Critics say Rio Tinto was wrong to lobby N.W.T. minister on Diavik water issue
Yellowknives Dene First Nation wants minister to reconsider stance on more stringent water quality rules
Did the owner of the Diavik diamond mine get special treatment from N.W.T.'s minister of environment? Some people think so.
The Yellowknives Dene First Nation and Kevin O'Reilly, MLA for Frame Lake, say Rio Tinto was wrong to lobby Environment Minister Wally Schumann while he was mulling a recent recommendation from the Wek'eezhii Land and Water Board — and that Schumann was wrong to rule against the board's decision.
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Schumann was considering the company's request that he reject a recommendation from the board that would have imposed more stringent water quality standards in the part of Lac de Gras where Rio Tinto is building a dike for its next Diavik open pit.
The company is asking for more flexible rules as it tries to keep dike construction on schedule to allow for mining from the new open pit beginning in 2018.
Schumann ultimately sided with Rio Tinto, in what many are calling an unprecedented and worrying move for the North's regulatory system.
An unexpected move
It's the conditions under which Schumann made that call that are coming under scrutiny.
The legislation governing the process allows Schumann to disagree with a board; it just doesn't tend to happen.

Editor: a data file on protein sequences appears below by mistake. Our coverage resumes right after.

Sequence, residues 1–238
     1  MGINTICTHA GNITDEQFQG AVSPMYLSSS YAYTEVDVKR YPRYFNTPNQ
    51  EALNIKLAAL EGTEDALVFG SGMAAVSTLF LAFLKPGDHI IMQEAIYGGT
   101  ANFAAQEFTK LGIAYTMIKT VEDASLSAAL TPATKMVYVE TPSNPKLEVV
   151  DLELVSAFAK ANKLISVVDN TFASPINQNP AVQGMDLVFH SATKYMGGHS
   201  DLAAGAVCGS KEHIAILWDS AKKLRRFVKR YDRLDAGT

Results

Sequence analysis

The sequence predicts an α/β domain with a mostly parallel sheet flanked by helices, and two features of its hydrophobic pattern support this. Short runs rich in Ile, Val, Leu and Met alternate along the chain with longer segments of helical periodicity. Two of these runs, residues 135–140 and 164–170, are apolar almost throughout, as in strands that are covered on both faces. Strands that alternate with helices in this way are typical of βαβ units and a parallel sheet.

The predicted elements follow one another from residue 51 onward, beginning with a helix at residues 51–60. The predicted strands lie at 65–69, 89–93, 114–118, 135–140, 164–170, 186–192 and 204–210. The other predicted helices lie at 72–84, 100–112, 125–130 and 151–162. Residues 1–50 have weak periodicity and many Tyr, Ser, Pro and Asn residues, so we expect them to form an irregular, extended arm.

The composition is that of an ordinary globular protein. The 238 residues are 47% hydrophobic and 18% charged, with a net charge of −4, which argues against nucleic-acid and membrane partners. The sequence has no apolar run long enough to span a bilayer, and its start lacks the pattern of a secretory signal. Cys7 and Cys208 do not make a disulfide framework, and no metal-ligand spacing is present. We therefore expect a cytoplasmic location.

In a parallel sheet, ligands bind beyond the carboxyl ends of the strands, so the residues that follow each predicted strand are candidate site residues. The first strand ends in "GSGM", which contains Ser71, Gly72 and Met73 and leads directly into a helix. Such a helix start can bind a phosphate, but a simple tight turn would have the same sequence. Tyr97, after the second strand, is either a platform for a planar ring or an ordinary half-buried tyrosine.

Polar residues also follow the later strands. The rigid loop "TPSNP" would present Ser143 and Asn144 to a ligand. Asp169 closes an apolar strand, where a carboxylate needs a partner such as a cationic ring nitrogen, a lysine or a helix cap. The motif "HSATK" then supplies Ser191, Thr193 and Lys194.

"The assumption is that the minister will make recommendations based on the best advice of experts. This is what the board is for," says Ernest Betsina, the Ndilo chief of the Yellowknives Dene First Nation.
What rankles the First Nation is that Rio Tinto wrote to Schumann after the option for further comment on the file had expired.
"There's no provision in the act for companies to directly appeal to a minister after a public hearing," says O'Reilly, who worked for the environmental watchdog group for another N.W.T. diamond mine before becoming an MLA.
That Schumann sided with the company under those circumstances is "very unusual," says O'Reilly, "and I don't think this bodes well for devolution and the authority the territorial government has assumed."
Not happy? Go see a judge, company urged
In his ruling, Schumann said the board was wrong to call for more stringent water quality rules without giving Rio Tinto a chance to weigh in on those rules.
But Betsina and O'Reilly say that if Rio Tinto was concerned about fairness, it should have asked the N.W.T. Supreme Court to conduct a judicial review of the board's decision, not turn to the minister.
"They should go in front of a judge and go publicly instead of going privately or lobbying with the minister," said Betsina. "That's unprecedented and I certainly don't agree with that."
O'Reilly says Rio Tinto should consider installing a second silt curtain at its construction site, as Dominion Diamond Corporation is planning to do when it begins building its own new dike at the Ekati mine.
Betsina says Schumann should reconsider and accept the board's recommendation.
The land and water board will meet with Rio Tinto on Monday to hear its concerns before setting out the process for deciding on water quality rules — again.
Read an open letter the YKDN wrote on the issue here: